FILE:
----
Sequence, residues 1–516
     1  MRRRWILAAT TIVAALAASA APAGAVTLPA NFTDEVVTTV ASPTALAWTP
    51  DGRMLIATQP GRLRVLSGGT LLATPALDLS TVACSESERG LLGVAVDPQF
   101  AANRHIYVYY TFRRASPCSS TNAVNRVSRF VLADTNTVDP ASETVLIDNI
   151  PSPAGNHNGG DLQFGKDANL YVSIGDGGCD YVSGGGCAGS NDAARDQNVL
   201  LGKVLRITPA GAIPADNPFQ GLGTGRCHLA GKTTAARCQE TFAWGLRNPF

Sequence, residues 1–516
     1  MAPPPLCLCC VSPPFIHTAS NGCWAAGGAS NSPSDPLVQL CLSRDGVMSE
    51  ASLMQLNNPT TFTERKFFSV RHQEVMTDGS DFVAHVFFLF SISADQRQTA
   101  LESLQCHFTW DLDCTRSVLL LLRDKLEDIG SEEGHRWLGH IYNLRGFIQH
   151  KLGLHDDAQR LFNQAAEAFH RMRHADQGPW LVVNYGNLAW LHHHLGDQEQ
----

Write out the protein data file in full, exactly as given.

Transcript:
Sequence, residues 1–516
     1  MRRRWILAAT TIVAALAASA APAGAVTLPA NFTDEVVTTV ASPTALAWTP
    51  DGRMLIATQP GRLRVLSGGT LLATPALDLS TVACSESERG LLGVAVDPQF
   101  AANRHIYVYY TFRRASPCSS TNAVNRVSRF VLADTNTVDP ASETVLIDNI
   151  PSPAGNHNGG DLQFGKDANL YVSIGDGGCD YVSGGGCAGS NDAARDQNVL
   201  LGKVLRITPA GAIPADNPFQ GLGTGRCHLA GKTTAARCQE TFAWGLRNPF

Sequence, residues 1–516
     1  MAPPPLCLCC VSPPFIHTAS NGCWAAGGAS NSPSDPLVQL CLSRDGVMSE
    51  ASLMQLNNPT TFTERKFFSV RHQEVMTDGS DFVAHVFFLF SISADQRQTA
   101  LESLQCHFTW DLDCTRSVLL LLRDKLEDIG SEEGHRWLGH IYNLRGFIQH
   151  KLGLHDDAQR LFNQAAEAFH RMRHADQGPW LVVNYGNLAW LHHHLGDQEQ